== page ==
Got Beer? Drizly Delivers!

Drizly

 

If you live in other, more civilized parts of the country, you may already know about Drizly, but for us Rhode Island Luddites, Drizly is a website/app where you can shop for alcohol online and have it delivered to your home.

I bet I know what you’re thinking. “What an amazing idea! Why didn’t I think of it? This would have been amazing to have last Halloween when Carl drank all the tequila and got sick in a plastic pumpkin, so we were then out of tequila.”

But the slightly more enlightened and mature are probably thinking, “How is this legal?”, “Is this service offered in my area?” and “What kind of outrageous delivery fees are there?”

Drizly works in a pretty slick way that’s totally legal and actually profitable for local liquor stores. It doesn’t bypass distributors, so it’s completely cool with the three-tier system. The way it works is that a liquor store will become a Drizly partner. There’s a minor fee involved, but then that liquor store gets some cool stuff, like an advanced ID checker. Now when someone within the agreed-upon service area orders something on Drizly, they shop the inventory of that store, pay that price and have the alcohol delivered by someone at the store. The liquor store keeps all the money from the transaction, the customer gets the alcohol and everybody’s happy.

So the next question must be, “Is this available in Rhode Island?” Yes-ish. As of now, Drizly is set up to service most of downtown Providence, the East Side, Barrington, Southern Pawtucket and for the summer, Newport. It’s a small area compared to the overall state, but it’s growing. With every liquor store that signs up, their area of coverage will increase.

Delivery times vary, depending on the area, and it may never be as speedy as your local cheap pizza slingers, but the website promises between 20 and 40 minutes. I spoke with Doug Berman, the Northeast Market Manager for Drizly, who said that right now Drizly’s RI delivery time is probably closer to an hour, depending on where and when. After all, they’re still establishing a foot-hold here in little Rhody.

The bonus here is, not only can you get alcohol delivered to you, but you can get it delivered to someone else as a gift since the online transaction takes care of the money. Want to send a bottle of champagne to someone for their anniversary? Drizly can make that happen. A gift bottle of scotch for that cold, glaring father-in-law? Drizly can do that. A case of Natty Lite to the under-aged freshman? Of course not! Drizly drivers check IDs before delivery, and don’t deliver to intoxicated persons.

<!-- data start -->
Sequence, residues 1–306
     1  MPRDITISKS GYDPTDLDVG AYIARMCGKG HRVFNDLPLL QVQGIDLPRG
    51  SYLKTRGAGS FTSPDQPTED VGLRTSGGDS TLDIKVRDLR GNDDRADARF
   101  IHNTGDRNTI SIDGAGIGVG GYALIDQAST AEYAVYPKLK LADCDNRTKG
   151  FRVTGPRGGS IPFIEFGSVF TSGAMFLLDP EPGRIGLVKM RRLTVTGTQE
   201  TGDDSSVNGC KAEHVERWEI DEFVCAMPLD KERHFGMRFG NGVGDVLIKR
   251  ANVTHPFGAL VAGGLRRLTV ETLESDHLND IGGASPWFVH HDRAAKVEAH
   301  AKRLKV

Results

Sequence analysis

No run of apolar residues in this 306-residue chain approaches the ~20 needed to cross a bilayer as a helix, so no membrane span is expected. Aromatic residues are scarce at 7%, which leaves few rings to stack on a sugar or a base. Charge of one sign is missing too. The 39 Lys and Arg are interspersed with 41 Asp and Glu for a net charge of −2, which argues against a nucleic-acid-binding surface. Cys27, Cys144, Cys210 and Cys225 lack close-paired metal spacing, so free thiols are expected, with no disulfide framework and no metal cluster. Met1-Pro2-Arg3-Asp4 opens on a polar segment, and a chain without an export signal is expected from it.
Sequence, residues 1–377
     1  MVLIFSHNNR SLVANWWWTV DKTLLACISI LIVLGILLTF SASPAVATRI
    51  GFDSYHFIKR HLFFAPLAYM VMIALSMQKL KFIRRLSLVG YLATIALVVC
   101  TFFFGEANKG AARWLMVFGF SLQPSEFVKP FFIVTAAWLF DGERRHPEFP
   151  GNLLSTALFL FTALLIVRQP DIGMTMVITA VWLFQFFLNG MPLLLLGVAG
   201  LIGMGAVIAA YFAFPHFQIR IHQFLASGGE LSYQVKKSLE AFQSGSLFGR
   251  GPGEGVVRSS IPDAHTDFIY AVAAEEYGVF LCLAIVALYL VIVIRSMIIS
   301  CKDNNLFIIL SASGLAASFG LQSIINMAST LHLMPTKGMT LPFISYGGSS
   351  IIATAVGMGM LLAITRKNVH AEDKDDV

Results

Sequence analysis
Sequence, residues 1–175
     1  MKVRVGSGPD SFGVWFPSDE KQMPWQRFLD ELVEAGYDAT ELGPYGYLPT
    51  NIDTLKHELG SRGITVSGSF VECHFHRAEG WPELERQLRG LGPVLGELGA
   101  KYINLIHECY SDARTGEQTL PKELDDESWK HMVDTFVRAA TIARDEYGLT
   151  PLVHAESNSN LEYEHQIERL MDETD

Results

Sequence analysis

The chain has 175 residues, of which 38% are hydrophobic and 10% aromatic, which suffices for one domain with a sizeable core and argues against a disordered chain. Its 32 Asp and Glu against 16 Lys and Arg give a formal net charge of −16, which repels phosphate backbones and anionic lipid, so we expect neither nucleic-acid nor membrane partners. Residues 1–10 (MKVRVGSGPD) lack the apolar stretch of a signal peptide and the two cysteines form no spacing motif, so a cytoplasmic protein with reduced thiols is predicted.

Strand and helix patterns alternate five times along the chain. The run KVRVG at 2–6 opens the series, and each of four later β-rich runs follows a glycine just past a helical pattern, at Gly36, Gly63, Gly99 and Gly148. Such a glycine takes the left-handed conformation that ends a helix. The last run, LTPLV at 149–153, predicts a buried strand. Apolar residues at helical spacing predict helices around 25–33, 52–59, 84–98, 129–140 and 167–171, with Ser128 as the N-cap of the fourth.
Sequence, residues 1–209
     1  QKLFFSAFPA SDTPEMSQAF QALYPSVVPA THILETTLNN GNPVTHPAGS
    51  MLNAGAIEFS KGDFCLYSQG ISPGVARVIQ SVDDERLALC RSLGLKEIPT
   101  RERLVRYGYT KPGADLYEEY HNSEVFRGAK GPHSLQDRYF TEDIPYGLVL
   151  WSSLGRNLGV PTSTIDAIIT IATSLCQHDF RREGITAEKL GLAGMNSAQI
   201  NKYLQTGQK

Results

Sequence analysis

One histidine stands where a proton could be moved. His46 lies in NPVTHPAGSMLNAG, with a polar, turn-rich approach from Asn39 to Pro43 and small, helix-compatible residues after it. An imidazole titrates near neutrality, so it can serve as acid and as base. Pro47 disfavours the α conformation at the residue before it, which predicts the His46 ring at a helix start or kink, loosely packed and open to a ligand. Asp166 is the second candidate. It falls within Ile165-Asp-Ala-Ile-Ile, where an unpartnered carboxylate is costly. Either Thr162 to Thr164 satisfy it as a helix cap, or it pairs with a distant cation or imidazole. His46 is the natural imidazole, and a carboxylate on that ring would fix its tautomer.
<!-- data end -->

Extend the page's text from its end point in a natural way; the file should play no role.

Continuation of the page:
So where did this wonderful idea come from? Well, two friends, Nick Rellas and Justin Robinson, founded Drizly as a way to use our lovely 21st century technology to legally deliver alcohol. So many other services and products are available online now, it’s almost a wonder it had taken this long for someone to come up with this. So, working within the legalities of alcohol sales, Drizly is technically more of an online transaction handler. They need the help of liquor stores to succeed, and in doing so, help them generate more revenue, boosting business for everyone. It’s actually pretty well-thought-out, and has so far received the blessings of distributors and liquor retailers alike.

So what’s the down side? Well, if you’re a liquor retailer, you’ll probably have to hire someone to make deliveries in addition to paying the monthly Drizly licensing fee. But the website and app encourages tipping the drivers, and let’s face it, someone showing up to your door with beer is someone you’re going to be happy to see. And unlike Uber drivers, or even pizza delivery drivers, there’s actually a low chance of these drivers being robbed. They won’t have big neon signs on their vehicles and they don’t carry much cash, so to the outside world, it just looks like someone dropping by a friend’s house with a bottle of wine. This may change, but at present, it’s sort of protected by anonymity. You certainly wouldn’t want to advertise that you might have a case of Johnny Walker Blue in the trunk. Of course, if you’re a retailer, you probably wouldn’t put such a high-end item up on the delivery list anyway.

So after looking into it, Drizly looks pretty legit. It provides a completely legal service, goes out of its way to comply with the law, works with retailers, and helps cut down on potential drunk driving. It might not be for everybody, and with every new system there’s bound to be flaws, but I’m excited about this. If nothing else, it’s a great experiment. I’m eager to see how it pans out.

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